% SVD: Singular Value Decomposition, the most useful of all!!
M=[5 8 2 0 10 ;
4 6 0 0 8 ;
2 4 6 0 4 ;
0 0 1 0 0 ;
2 4 6 0 4 ]
[Left ,Sings, Right]=svd(M)
Left*Sings*Right'
M*Right(:,1)/Sings(1,1)
% M sends any column of Right to a singular values times a column of Left. And the columns of both Right and Left form orthonormal bases of domain and range spaces, respectively. This is ALMOST as good as having a basis of eigenvectors. But the SVD exists for ANY matrix, square or not.
% If M is symmetric then Left=Right and these columns are a basis of eigenvectors.
% The singular value decomposition is fantastically useful for many things. Data compression is one of them Here is an example of that.
% I create below a 1000x1000 matrix M constructed from just 50 "signals." However the matrix itself has virtually all nonzero entries, and no apparent pattern to them. In an application you will not know how M is constructed but you will hope (or know on theoretical grounds) that the entries of M are formed as the sum of a reasonable number of simpler "signals". The entries of M could, for instance, be grayscale values at each point of a 1000x1000 image file.
C = randi([-12 12],1000);
M=zeros(1000);
for k=1:50
M=M+C(:,k+50)*C(k,:);
end
[Left ,Sings, Right]=svd(M);
x=diag(Sings);
plot(x)
% Only the first 50 entries of x have non-negligible values, the rest of the singular values are tiny. That is an important tip-off that there are really just 50 signals.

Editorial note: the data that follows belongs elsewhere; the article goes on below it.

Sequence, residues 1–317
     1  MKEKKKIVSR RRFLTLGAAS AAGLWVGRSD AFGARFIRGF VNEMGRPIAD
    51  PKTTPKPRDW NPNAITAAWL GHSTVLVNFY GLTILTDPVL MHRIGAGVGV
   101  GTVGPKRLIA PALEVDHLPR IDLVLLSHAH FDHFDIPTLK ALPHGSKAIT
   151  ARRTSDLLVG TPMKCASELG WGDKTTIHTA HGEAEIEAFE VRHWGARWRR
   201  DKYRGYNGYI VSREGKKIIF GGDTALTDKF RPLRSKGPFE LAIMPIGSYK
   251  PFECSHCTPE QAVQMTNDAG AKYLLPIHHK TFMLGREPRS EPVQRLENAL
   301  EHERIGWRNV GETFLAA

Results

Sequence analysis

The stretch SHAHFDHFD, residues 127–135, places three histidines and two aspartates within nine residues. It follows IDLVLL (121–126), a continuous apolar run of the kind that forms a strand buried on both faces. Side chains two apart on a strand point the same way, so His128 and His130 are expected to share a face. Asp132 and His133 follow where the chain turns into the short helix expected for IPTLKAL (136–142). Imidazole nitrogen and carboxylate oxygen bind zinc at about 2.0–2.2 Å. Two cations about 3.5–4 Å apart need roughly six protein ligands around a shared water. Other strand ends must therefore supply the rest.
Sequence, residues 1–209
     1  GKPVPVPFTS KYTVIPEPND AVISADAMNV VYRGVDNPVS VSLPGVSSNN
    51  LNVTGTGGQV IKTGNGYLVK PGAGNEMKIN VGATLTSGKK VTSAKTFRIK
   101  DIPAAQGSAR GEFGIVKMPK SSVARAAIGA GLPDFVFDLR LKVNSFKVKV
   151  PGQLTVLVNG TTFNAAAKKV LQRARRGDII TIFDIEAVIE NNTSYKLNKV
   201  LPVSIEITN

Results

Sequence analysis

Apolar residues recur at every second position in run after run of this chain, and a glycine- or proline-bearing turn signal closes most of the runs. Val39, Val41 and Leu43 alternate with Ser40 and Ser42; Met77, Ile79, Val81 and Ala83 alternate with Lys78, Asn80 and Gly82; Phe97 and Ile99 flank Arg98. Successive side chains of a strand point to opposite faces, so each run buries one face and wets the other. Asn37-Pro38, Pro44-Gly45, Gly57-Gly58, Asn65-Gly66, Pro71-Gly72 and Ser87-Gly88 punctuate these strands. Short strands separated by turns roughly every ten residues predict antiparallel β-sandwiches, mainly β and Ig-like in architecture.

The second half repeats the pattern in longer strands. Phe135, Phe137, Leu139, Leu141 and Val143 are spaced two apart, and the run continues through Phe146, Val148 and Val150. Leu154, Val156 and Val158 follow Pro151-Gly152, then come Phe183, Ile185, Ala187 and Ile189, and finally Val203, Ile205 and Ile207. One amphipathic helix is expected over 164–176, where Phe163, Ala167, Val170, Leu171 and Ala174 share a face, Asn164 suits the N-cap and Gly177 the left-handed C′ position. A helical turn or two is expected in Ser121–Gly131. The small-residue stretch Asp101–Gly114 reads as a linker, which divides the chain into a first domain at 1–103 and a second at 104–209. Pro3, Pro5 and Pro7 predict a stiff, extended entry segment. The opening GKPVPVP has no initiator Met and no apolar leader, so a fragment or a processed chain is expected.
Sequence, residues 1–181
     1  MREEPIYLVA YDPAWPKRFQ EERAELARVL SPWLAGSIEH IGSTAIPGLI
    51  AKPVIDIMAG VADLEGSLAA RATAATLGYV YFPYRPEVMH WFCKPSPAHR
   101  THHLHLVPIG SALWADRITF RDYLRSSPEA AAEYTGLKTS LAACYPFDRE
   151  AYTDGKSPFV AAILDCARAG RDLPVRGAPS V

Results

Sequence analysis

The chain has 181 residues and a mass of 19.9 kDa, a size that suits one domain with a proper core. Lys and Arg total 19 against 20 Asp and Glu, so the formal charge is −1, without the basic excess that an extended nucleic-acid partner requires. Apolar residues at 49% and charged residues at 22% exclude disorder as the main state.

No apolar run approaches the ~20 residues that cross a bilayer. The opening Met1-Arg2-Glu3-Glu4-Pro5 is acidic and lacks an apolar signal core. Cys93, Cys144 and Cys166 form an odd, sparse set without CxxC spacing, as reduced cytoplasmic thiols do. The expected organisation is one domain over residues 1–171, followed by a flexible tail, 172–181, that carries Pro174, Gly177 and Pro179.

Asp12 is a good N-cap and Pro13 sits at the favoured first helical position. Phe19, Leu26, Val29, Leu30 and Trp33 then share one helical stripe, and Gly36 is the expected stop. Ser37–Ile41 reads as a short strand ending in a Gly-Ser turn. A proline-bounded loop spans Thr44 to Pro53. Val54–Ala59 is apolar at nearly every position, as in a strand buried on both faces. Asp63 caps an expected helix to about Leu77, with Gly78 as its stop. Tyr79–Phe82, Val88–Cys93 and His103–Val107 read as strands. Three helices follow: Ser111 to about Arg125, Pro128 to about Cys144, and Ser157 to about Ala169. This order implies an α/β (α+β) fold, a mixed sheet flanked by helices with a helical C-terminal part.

S=zeros(1000);
R=Right';
for k=1:50
S=S+x(k)*Left(:,k)*R(k,:);
end
difference=S-M;
y=max(difference);
max(y)
% So rather than sending 1 million numbers to your friend who wants to render the picture, you might instead send the the first 50 columns of Left and Right' and the first 50 diagonal values in Sings.
% That is just 100050 numbers, a compression factor of almost 10.
% You can (virtually) reconstitute M at the receiving location.
% As another example, the pseudoinverse pinv(M) is created by using the SVD.
% If M is mxn and there are k nonzero singular values
M=[6 3 9 7 1;
6 3 8 3 1;
6 3 0 8 2;
0 0 0 0 0]
[Left, Diag, Right]=svd(M)
M=Left*Diag*Right' is the SVD
Left=[L1 L2] is mxm orthogonal (L1 is mxk, the first k columns)
L1=Left(:,1:3)
Right=[R1 R2] is nxn orthogonal (R1 is kxn, the first k columns)
R1=Right(:,1:3)
% Diag is of the form
% D 0
% 0 0
% where D is kxk diagonal
D=Diag(1:3,1:3)
M=L1*D*R1'
% The pseudoinverse is the nxm matrix
pinv(M)=R1*D^(-1)*L1'
% and satisfies lots of propertires that the inverse of M WOULD have, if M had one. For instance:
P=pinv(M)
% satisfies (as would a true inverse),
% M*P*M=M
% P*M*P=P
% (M*P)'=M*P
% (P*M)'=P*M
% Example of SVD compression with a greyscale bitmap image.
% Place the imagefile grid.bmp in MATLAB's working directory and drag it into the MATLAB window. Two variables will be created, and cdata is the one we want to look at. It is a 1000x1000 matrix of 8-bit numbers that represent the greyscale density throughout the image. SVD requires regular numbers so we first convert to double-precision.
a=double(cdata);
[Left ,Sings, Right]=svd(a);
x=diag(Sings);
plot(x)
% It seems only the first 30 or 40 singular values are (relatively) substantial.
S=zeros(1000);
R=Right';
for k=1:34
S=S+x(k)*Left(:,k)*R(k,:);
end
% S, though it has a million entries just like cdata, has been created using only 34034 numbers.
% Now convert back to uint8 format and create the imagefile.
b=uint8(S);
imwrite(b, 'gridcompressed.bmp')